Adrian Humphreys | December 5, 2014
The beginning of the demolition of Bill Cosby’s brand as North America’s affable father figure began on Jan. 13, 2005, when a woman in Pickering, Ont., east of Toronto, reported a sexual assault to her local police.
At that time, though, as is often the case with the first person to point an accusing finger at a seemingly unassailable public figure, the response was muted, hesitant, awkward and cautious.
Next month marks 10 years since Andrea Constand told Durham Regional Police the hugely popular actor, star comedian and celebrity pitchman drugged her and sexually assaulted her at his home in Cheltenham, Pa.
That moment in time is important, says the man who was the U.S. prosecutor in Pennsylvania who declined to lay criminal charges against Mr. Cosby in her case.
“If all the allegations are true and he really is a serial sexual predator, we stopped him — we must have given him a good scare,” Bruce L. Castor, Jr. told the National Post. “There are no complaints of Bill Cosby’s sexual misconduct after they are alleged to have occurred in my county.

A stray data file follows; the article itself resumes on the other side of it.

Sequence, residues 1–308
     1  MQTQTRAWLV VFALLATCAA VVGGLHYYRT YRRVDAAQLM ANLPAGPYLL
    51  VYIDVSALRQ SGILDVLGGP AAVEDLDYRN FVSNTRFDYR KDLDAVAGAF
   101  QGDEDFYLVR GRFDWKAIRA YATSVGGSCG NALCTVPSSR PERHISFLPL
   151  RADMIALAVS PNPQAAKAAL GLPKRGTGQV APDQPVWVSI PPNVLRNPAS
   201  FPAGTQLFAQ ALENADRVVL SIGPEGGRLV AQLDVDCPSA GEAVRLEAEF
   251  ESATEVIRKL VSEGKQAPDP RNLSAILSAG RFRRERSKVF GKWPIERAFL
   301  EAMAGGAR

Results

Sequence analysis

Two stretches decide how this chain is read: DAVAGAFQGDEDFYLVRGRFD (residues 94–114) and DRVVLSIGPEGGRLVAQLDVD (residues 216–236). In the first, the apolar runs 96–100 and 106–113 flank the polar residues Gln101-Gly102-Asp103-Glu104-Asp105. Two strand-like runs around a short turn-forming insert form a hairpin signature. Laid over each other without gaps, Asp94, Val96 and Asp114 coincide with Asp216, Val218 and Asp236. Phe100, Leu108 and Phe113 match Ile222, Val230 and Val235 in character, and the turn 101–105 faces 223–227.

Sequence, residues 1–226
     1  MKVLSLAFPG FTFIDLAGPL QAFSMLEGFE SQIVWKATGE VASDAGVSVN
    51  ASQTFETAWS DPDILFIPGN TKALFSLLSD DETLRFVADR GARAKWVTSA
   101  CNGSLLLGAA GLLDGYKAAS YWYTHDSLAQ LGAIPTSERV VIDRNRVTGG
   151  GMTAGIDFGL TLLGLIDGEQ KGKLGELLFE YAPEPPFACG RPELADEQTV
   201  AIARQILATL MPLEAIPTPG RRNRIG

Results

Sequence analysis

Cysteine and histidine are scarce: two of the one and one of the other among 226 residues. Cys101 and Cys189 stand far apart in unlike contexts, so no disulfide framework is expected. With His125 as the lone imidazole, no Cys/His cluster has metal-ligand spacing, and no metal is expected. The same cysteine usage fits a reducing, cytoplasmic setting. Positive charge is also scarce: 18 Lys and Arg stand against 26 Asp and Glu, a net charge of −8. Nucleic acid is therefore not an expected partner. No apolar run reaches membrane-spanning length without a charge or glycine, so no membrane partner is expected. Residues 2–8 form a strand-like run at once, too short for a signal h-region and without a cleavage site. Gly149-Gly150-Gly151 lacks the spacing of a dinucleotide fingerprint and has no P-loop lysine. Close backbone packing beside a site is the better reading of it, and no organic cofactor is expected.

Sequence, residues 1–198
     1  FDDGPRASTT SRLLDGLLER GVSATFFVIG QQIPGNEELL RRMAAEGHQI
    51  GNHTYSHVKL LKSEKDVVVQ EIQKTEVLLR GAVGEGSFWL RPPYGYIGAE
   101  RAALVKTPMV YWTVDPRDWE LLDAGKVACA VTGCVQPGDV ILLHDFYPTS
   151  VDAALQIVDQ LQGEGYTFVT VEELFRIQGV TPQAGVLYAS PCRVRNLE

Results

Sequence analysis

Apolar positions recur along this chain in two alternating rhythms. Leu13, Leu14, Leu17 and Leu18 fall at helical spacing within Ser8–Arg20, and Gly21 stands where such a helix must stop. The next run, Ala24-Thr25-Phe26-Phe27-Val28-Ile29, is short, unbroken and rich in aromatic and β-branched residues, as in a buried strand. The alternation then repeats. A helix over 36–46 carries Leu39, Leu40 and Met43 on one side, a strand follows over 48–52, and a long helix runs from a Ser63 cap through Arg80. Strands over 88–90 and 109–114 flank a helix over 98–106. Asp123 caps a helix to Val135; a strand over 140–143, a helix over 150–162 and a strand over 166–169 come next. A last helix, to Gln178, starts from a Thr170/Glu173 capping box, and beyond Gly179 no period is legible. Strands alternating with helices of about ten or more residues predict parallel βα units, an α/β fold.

“Andrea going to police in Ontario at that time, she is presumably responsible for at least stopping him from doing it again and she deserves credit for that.”
That is a proposition slow in coming.
At the time, the blowback against her was fierce.
In the 1980s, Mr. Cosby’s broad appeal made him one of the most sought-after celebrity endorsers, with a Coca-Cola executive once saying the “three most believable personalities are God, Walter Cronkite and Bill Cosby.”
That was the figure Ms. Constand pointed at and declared a predatory pervert.
Bill Cosby performs at the Maxwell C. King Center for the Performing Arts, in Melbourne, Florida, on Nov. 21, 2014.
Tabloids cut deals with him and touted Mr. Cosby’s insinuation she was trying to extort money, interviewers were told not to ask about the case and Mr. Cosby’s career continued into the celebratory dotage of a comedic icon.
Promotions for his current tour call him “a national treasure.”
Since then, however, some two dozen other women have claimed Mr. Cosby, now 77, forced unwanted sexual contact, although all incidents predate Ms. Constand’s complaint. Some of the unproven claims are similar, a pattern of befriending, doping and molesting younger women under the guise of offering assistance.